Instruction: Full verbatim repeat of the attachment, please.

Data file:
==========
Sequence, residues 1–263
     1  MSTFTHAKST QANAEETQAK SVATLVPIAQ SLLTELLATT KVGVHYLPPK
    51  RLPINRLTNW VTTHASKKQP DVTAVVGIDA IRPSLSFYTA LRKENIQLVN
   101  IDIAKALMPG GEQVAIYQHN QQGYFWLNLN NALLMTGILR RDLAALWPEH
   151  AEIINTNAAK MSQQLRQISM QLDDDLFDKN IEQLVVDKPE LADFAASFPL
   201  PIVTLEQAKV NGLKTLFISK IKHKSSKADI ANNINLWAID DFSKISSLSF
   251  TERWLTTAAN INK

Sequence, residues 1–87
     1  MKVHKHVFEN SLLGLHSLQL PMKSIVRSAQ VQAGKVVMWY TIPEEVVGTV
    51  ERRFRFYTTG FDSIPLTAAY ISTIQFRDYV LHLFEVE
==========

Sequence, residues 1–263
     1  MSTFTHAKST QANAEETQAK SVATLVPIAQ SLLTELLATT KVGVHYLPPK
    51  RLPINRLTNW VTTHASKKQP DVTAVVGIDA IRPSLSFYTA LRKENIQLVN
   101  IDIAKALMPG GEQVAIYQHN QQGYFWLNLN NALLMTGILR RDLAALWPEH
   151  AEIINTNAAK MSQQLRQISM QLDDDLFDKN IEQLVVDKPE LADFAASFPL
   201  PIVTLEQAKV NGLKTLFISK IKHKSSKADI ANNINLWAID DFSKISSLSF
   251  TERWLTTAAN INK

Sequence, residues 1–87
     1  MKVHKHVFEN SLLGLHSLQL PMKSIVRSAQ VQAGKVVMWY TIPEEVVGTV
    51  ERRFRFYTTG FDSIPLTAAY ISTIQFRDYV LHLFEVE